“Work in the corporate” is many of ours dream,
For AZ,that is my theme.
Very next step,once the decision is taken is Search….The the Voyage begins for the BIG step.
Travelled and travelled till we were tired,
But we couldn’t find our journeys end
Like a nomad we did go
Found a curve, we would slow
Day, night we can’t care
Cos once when we
hit the road,
(Nonet form of poetry used)
To decide is one part of it and the implementation is the other.In order not to get lost in the Voyage or land up in a similar situation of not having made a decision,here are 5 keys to formulate a strong career plan :
1. Leverage Your Competitive Advantage
Career plans should leverage your assets, set you in direction of your aspirations, and account for the market realities. The problem is, three puzzle pieces are always changing, and are often not fully known. The best you can do is articulate educated hypotheses about each. “I believe I am skilled at X, I believe I want to do Y, I believe the market needs Z.” All plans contain these sorts of assumptions; good ones make them explicit so that you can track them over time. Essentially, you want to make explicit the things that need to be true for your plan to work. These hypotheses should lead you to specific actions. But real planning means plotting the specific steps it will take to make those aspirations happen.
2. Prioritize Learning
Many people defer collecting full-time wages by spending twenty-three consecutive years in school. A high school dropout can make more money in the short run than the guy stuck studying geology. But in the long run, the logic goes, a person with a foundation of knowledge and skills will make more money and most likely live a more meaningful life. It’s true. And there’s a similar belief in start-ups: technology companies focus on learning over profitability in the early years to maximize revenue in the later years.
Unfortunately, for far too many, focused learning ends at college graduation. They read about stocks and bonds instead of books that improve their mind. They compare their cash salary to their peers instead of comparing lessons learned. They invest in the stock market and neglect investing in themselves. They focus, in short, on hard assets instead of soft assets.Prioritize plans that offer the best chance at learning about yourself and the world. Not only will you make more money in the long run, but your career journey will be more fulfilling. Ask yourself, “Which plan will grow my soft assets the fastest?” Even simpler: “Which plan offers the most learning potential?”
3. Learn by Doing
Entrepreneurs penetrate the fog of the unknown by testing their hypotheses through trial and error. Any entrepreneur (and any expert on cognition / learning) will tell you that practical knowledge is best developed by doing, not just thinking or planning. In the early days of LinkedIn, the plan was to have members invite their trusted connections by email—an invitation mechanism would fuel membership growth. But it turned out the best way to enable viral spread was actually to enable members to upload their address books and see who else was on the service already. Learned by doing.
For careers, too, you don’t know what the best plan is until you try. Learn by doing. Not sure if you can break into a particilar industry? Spend six months interning and making connections and see what happens. Curious whether marketing or product development is a better fit than what you currently do? If you work in a company where those functions exist, offer to help out for free. Whatever the situation, actions, not plans, generate lessons that help you test your hypotheses against reality. Actions help you discover where you want to go and how to get there.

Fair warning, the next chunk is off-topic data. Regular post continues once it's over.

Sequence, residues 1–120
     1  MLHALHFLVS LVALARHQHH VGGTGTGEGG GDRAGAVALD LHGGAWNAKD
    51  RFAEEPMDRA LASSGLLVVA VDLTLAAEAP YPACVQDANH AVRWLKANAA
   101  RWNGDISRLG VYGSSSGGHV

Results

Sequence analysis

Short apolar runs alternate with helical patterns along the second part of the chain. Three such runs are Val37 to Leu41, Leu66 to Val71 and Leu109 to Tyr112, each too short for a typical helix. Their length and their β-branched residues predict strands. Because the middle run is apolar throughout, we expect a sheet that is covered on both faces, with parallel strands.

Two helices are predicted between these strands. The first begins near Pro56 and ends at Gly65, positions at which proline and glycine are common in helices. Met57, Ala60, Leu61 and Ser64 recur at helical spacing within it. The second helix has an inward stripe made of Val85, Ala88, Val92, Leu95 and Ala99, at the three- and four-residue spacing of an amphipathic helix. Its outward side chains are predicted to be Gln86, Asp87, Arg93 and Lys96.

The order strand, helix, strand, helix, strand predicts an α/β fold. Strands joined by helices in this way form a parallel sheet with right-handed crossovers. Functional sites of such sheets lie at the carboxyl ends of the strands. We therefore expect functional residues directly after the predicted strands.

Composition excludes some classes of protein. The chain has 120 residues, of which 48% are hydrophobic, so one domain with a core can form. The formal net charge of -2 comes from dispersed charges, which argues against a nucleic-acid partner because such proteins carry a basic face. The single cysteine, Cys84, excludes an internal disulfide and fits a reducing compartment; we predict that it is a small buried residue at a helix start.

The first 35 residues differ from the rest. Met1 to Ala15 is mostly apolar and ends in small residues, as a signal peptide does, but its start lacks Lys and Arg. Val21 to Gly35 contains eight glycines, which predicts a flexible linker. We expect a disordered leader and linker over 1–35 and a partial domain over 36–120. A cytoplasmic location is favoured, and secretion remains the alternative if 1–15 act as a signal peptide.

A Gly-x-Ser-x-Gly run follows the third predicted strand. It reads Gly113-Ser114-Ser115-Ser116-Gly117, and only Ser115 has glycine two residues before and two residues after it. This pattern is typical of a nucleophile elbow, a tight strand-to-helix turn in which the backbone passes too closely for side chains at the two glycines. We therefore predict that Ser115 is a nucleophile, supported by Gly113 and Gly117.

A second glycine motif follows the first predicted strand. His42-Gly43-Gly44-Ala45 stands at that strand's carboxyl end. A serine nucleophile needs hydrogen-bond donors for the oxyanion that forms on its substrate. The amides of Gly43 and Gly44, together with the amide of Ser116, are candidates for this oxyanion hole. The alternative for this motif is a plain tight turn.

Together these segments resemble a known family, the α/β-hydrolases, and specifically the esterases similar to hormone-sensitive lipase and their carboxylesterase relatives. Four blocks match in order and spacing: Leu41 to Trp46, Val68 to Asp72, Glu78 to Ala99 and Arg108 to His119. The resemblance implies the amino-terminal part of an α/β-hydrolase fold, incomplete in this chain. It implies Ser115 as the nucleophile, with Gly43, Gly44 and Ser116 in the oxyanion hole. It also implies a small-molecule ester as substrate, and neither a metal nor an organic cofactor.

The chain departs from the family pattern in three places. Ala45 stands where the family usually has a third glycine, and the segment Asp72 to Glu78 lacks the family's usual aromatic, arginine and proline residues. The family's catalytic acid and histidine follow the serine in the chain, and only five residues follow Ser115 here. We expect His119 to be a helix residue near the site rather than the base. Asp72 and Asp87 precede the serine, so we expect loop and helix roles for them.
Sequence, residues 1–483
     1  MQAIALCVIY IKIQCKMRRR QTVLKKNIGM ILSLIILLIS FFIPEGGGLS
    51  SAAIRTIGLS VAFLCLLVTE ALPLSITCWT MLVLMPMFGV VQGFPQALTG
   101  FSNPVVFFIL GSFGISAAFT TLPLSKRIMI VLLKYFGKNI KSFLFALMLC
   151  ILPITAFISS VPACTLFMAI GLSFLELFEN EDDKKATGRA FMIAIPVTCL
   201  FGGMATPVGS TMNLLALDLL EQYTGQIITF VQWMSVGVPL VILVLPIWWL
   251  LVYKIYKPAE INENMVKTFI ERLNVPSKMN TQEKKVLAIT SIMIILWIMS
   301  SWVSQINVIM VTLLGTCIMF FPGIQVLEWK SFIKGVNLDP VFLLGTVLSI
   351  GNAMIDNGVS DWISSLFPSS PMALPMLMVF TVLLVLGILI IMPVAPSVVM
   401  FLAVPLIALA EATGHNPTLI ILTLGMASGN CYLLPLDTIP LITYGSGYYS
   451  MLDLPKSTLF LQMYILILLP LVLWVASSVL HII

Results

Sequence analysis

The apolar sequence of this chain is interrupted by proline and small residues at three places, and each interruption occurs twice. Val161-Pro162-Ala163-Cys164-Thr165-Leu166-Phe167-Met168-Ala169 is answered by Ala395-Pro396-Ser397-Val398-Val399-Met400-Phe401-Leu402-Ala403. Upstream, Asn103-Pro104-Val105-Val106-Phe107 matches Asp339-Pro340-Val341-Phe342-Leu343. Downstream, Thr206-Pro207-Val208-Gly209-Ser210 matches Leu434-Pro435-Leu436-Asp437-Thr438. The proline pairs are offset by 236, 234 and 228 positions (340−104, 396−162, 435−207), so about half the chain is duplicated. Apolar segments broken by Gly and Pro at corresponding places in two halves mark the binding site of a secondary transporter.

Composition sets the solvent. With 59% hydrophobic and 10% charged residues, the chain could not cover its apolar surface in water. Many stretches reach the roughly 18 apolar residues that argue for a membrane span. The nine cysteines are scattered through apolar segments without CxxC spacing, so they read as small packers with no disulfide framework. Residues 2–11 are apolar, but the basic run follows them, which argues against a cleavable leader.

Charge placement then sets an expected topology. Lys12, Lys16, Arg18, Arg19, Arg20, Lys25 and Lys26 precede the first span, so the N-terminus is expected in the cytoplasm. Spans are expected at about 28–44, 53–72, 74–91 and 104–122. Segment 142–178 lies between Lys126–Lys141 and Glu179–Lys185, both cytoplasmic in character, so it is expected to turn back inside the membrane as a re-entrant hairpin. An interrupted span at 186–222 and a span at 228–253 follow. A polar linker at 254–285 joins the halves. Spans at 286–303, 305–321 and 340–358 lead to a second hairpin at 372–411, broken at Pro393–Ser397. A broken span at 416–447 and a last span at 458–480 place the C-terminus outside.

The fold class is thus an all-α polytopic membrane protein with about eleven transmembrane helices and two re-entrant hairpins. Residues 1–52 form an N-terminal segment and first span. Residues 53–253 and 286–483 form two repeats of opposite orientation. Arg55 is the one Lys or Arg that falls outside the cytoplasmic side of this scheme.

4. Make Reversible, Small Bets
Occasional missteps are to be expected when you take an experimental approach to career planning. It’s the “error” part of trial and error. But these errors needn’t be permanent. Good Plan A’s can be stopped or reversed or morphed into a Plan B. A good Plan A minimizes the cost of failure. Don’t bet the farm. Iterate bit by bit, learn experience by experience. Start with a trial period. Keep your day job.
5. Think Two Steps Ahead
Planning and adapting means thinking carefully about your future. Lunging at the first well-paid and/or high-status job you come upon may offer immediate gratification, but it won’t get you any closer to building a meaningful career. A goal that can be achieved in a single step is probably not very meaningful – or ambitious. The business professor Clayton Christensen once told graduating students at Harvard Business School, “If you study the root causes of business disasters, over and over you’ll find [a] predisposition toward endeavors that offer immediate gratification.” At the same time, though, don’t do the opposite and think ahead too far in the future. Again, you will change, the world will change, the competition will change.
The best thing to do is to think and plan two steps ahead. If you’d like to be promoted from analyst to associate, it may mean a first step of building a relationship with a key partner, or taking a night course to pick up advanced financial management skills before taking that step of marching into the boss’s office and asking for that promotion. Sometimes the first step toward a goal is rather simple.Well, there are various ways, but the first step is this: move here!
If you’re unsure what your first, or even your second step should be, pick a first step with high option value, meaning that it could lead to a broad range of options. A good Plan A is one that offers flexibility to pivot to a range of possible Plan B’s; similarly, a good first step generates a large number of possible follow-on second steps.